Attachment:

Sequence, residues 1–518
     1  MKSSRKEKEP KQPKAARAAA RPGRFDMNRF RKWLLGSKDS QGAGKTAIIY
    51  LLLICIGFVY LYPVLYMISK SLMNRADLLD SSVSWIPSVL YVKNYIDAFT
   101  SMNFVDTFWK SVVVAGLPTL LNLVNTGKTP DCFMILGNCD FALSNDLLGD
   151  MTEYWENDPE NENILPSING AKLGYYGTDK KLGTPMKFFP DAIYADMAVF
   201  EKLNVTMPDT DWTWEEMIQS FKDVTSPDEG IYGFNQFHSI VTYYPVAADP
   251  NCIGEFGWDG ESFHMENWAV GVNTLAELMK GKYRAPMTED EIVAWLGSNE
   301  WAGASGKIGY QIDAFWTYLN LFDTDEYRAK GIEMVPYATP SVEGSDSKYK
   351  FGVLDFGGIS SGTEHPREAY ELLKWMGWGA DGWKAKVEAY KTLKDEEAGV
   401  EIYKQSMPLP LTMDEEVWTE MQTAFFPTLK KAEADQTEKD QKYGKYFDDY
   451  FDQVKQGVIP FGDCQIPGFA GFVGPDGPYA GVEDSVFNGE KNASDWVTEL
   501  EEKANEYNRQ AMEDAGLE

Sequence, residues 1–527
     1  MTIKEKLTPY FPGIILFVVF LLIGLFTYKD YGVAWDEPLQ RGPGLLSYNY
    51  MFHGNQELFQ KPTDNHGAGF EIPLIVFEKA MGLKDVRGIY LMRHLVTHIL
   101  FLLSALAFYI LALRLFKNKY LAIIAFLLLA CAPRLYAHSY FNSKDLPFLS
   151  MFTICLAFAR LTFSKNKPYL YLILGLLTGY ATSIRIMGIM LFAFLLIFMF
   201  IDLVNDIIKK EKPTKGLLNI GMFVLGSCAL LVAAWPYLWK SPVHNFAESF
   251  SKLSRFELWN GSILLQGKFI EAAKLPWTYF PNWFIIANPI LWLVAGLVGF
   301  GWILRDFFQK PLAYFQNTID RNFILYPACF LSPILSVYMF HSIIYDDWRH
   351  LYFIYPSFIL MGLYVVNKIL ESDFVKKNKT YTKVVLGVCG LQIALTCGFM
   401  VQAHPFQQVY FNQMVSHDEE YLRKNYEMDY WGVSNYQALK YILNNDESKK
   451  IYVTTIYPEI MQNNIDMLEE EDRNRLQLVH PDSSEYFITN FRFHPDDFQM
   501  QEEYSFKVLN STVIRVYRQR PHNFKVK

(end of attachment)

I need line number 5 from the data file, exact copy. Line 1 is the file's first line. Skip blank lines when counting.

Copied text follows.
   151  MTEYWENDPE NENILPSING AKLGYYGTDK KLGTPMKFFP DAIYADMAVF